MEET Lacey                      

 From a promising young athlete to a girl battling the rarest form of cancer to an Olympic Games participant, Lacey Henderson’s story is one of maddening hardship, inspiring perseverance and overcoming adversity. After being diagnosed with synovial sarcoma (so rare at the time of Lacey’s diagnosis that there was literally no survival rate) at nine years old, Lacey had her right leg amputated above the knee,  and went through years of physical therapy and childhood ridicule. She received a cheerleading scholarship to the University of Denver before becoming a long jumper for Team USA. Lacey is a six-time USA National Champion in the long jump, the world record holder in the pole vault and the American record holder in the long jump. Lacey also participated in the 2016 Parlalympic Games in Rio de Janeiro. More recently, Lacey earned a silver medal at the 2019 Pan American Games in Peru. She is currently training for the 2020 Paralympic Games to be held in Tokyo. In addition to being a world-class athlete, Lacey is a passionate advocate for health, fitness, nutrition, child advocacy and living one’s best life! She started working with children with limb differences in 2010 and continues to use her athletic and social platform to normalize disability in society. In June 2019, Lacey and DCP Entertainment premiered the first season of her podcast, “Picked Last in Gym Class”, which celebrates the adversity that people have overcome before finding success. 

 Tell us about a GRITTY MOMENT in your life that has forced you to learn what you are truly made of…

 Besides surviving a rare cancer as a child; I’ve learned as a woman that life never stops serving hot dishes of shit in life! Leading up to the 2016 trials my parents were having a very messy divorce and I was in a dumpster-fire relationship myself. I had thought that I could push out the problems in my life and still qualify. Despite doing well at team trials I was not initially invited to compete at the Rio Paralympic Games. I was devastated and learned that I was training and living an imbalanced life and ignoring all aspects of who I was and what I needed. I took a trip around the world and ended up in Argentina when I received a phone call that changed my life. I was given one slot to compete at the games a mere three weeks later. Despite being heart broken and not training- I took my chance and became the first woman to make a Paralympic final in Long Jump!

 
GUTS: How did you “grow guts” and be brave enough to get through your “gritty moment”? Were you afraid? Where did you find your courage? How did facing that moment affect your confidence? Did you feel more confident afterward?
 

I have an amazing support system, especially a sports psychologist (who happens to help with my life problems too).  I found out that I didn’t need to be a lone soldier doing everything by myself. We succeed when we lift each other up and that’s what I needed. When I didn’t believe in myself there were people who reminded me of my greatness, which helped me carry it through to some amazing places. 


I was totally afraid! I told my training partner I didn’t think I should go because I hadn’t trained (most people do for the Olympics and Paralympics…) he looked at me and said “F**k training, jump anyways!” and it was exactly what I needed to hear- both literally and metaphorically. He was right, I had worked a lot of my life to a moment and it was more of a betrayal to myself to give it up for not feeling worthy rather than stepping into who I was, honestly in that moment, and giving it all I had.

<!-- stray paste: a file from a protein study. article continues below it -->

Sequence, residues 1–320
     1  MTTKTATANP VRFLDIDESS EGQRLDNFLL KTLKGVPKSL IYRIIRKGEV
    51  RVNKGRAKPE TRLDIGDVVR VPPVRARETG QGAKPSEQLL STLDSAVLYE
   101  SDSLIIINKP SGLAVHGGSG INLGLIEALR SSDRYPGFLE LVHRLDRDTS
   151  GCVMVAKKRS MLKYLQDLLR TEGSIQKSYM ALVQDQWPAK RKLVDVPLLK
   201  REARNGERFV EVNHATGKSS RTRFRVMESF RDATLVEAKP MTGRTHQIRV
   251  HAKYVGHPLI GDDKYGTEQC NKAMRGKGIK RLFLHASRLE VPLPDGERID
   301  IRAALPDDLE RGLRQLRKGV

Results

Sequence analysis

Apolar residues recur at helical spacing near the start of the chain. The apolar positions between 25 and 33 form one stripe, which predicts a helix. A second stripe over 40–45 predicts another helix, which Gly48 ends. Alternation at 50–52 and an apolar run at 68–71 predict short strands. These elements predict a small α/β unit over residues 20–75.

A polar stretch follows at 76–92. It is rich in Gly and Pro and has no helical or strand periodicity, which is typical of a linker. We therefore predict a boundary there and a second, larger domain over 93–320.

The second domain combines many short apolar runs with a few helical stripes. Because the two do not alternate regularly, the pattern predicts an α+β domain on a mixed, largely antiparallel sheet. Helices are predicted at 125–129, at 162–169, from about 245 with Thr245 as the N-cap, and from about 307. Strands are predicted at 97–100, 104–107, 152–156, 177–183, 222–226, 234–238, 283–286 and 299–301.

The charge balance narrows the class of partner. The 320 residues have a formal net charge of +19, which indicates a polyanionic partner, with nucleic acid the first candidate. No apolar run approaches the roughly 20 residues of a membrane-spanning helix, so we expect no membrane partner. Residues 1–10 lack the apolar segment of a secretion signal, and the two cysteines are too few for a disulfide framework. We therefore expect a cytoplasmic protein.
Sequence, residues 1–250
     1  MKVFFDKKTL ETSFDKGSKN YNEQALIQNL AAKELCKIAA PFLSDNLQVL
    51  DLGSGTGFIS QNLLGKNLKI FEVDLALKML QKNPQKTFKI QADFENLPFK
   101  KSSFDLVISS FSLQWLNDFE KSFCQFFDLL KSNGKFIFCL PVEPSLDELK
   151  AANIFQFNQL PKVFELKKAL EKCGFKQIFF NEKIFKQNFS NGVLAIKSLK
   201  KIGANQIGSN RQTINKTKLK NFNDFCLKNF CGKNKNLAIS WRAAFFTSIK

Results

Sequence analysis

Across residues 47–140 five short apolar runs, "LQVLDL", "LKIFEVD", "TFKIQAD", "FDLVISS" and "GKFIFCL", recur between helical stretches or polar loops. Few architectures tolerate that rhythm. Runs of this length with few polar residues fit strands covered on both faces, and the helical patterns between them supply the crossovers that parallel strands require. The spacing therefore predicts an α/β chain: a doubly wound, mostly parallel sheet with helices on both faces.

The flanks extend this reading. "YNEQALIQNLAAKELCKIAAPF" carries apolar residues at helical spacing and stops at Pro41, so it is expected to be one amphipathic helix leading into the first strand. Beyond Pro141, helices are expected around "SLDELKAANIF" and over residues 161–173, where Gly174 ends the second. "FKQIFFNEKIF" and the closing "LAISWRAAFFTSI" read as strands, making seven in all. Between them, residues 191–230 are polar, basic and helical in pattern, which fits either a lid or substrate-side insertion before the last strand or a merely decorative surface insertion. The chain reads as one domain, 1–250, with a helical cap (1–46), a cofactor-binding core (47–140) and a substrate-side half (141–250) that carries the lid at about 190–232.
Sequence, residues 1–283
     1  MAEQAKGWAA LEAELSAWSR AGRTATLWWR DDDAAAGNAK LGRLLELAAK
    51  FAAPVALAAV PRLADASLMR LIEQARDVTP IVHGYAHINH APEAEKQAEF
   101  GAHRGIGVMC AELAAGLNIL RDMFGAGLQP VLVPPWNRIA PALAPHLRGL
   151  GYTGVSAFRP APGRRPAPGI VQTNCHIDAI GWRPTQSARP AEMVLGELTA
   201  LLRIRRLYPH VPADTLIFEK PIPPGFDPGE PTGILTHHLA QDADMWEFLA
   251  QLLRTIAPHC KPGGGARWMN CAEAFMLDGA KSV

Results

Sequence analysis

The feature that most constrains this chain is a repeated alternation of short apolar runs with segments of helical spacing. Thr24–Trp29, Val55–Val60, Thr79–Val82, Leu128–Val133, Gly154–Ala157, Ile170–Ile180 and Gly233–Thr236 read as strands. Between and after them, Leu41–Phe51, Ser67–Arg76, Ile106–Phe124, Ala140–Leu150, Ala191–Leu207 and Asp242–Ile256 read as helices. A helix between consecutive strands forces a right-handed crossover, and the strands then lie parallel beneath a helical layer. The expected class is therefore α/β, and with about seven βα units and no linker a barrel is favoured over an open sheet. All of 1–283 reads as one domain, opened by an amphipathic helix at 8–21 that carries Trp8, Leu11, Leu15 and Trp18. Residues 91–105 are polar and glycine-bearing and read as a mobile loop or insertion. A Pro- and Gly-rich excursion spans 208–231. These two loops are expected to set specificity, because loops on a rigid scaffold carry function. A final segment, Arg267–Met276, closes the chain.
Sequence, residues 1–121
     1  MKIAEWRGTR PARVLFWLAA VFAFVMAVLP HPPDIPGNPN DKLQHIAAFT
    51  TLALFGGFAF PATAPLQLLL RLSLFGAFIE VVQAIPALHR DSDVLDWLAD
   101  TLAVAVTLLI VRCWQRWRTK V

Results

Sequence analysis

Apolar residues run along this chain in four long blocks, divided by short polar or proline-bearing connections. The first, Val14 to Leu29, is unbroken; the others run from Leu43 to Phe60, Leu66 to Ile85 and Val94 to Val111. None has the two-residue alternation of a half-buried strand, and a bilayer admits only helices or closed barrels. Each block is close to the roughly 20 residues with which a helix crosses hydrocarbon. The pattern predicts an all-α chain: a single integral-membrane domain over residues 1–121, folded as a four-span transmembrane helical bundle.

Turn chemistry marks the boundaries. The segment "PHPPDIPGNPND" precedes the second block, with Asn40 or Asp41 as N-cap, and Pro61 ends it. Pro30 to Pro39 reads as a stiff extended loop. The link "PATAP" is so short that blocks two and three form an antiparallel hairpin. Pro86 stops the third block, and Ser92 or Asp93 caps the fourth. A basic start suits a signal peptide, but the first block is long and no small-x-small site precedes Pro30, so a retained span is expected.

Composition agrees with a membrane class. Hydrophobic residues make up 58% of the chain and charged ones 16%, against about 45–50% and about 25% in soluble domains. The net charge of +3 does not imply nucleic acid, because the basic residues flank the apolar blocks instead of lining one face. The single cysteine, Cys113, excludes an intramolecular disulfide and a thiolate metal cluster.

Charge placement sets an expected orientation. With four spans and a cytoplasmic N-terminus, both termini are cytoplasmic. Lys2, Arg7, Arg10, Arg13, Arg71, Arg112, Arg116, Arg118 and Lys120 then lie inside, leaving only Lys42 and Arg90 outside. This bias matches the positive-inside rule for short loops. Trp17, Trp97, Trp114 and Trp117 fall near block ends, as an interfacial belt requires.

RESILIENCE: What did you learn from pushing through your “gritty moment”? What helped you “not give up” and persevere?
 I learned that resilience often comes hand in hand with grace. It takes a lot of perspective and gentleness, ESPECIALLY with yourself to push forward with all of your strength.
 IMPERFECTION: How do you deal with failure and making mistakes? Did your “gritty moment” force you to learn and grow?
Failure has bad marketing because we think of it as final,but it’s always a moment to reflect on what isn’t working so you can continue to improve and find ways that do promote success. My gritty moment showed me that we can’t plan or expect our journeys to play out a specific way,  and to be flexible regardless, and to keep moving forward.
TEAM: What role did your support system play in helping you through this challenging time? What role has this “team” had in your life?
I have been lucky to have coaches, friends, doctors, and therapists who have always pushed me and believed in me. It takes a village for one person’s success,  and leaning on a support system is the best way to get to where you are going quicker. I fought that for a long time. I thought I needed to be the one who does everything,  and that’s just a sure fire way to burn yourself out on any goal.
How has playing sports and/or participating in athletics positively affected your life?
Sports have always made me feel free. Track feels like a meditation and celebration of movement for me now and it’s just amazing to participate in something that doesn’t discriminate on gender, socioeconomic status, disability, etc. If you are alive and have a body you can do a sport,  and that is a gift. You learn problem solving and strategy in unconventional ways, and sport shows you it’s really just a metaphor for participating in life.
And just for fun… What advice would you give to your younger “GRITTY GIRL” self?
Don’t ever think that asking for help is a sign of weakness!

“Thank you lacey for sharing your GRIT!” 

Connect with Lacey via her Instagram